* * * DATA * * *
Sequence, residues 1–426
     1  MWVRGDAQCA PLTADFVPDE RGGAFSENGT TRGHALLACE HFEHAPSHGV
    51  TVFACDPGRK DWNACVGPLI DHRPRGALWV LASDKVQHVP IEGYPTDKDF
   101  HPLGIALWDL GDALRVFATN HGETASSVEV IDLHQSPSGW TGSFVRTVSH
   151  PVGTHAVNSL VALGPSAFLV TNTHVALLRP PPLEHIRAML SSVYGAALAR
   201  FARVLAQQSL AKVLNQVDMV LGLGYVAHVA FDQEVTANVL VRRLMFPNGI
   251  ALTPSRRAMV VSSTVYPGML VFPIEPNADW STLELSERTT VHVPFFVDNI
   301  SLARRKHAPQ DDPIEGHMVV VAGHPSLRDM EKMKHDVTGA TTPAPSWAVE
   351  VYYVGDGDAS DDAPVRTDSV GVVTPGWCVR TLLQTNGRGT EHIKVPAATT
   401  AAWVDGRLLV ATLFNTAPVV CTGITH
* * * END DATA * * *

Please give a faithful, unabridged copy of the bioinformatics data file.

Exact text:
Sequence, residues 1–426
     1  MWVRGDAQCA PLTADFVPDE RGGAFSENGT TRGHALLACE HFEHAPSHGV
    51  TVFACDPGRK DWNACVGPLI DHRPRGALWV LASDKVQHVP IEGYPTDKDF
   101  HPLGIALWDL GDALRVFATN HGETASSVEV IDLHQSPSGW TGSFVRTVSH
   151  PVGTHAVNSL VALGPSAFLV TNTHVALLRP PPLEHIRAML SSVYGAALAR
   201  FARVLAQQSL AKVLNQVDMV LGLGYVAHVA FDQEVTANVL VRRLMFPNGI
   251  ALTPSRRAMV VSSTVYPGML VFPIEPNADW STLELSERTT VHVPFFVDNI
   301  SLARRKHAPQ DDPIEGHMVV VAGHPSLRDM EKMKHDVTGA TTPAPSWAVE
   351  VYYVGDGDAS DDAPVRTDSV GVVTPGWCVR TLLQTNGRGT EHIKVPAATT
   401  AAWVDGRLLV ATLFNTAPVV CTGITH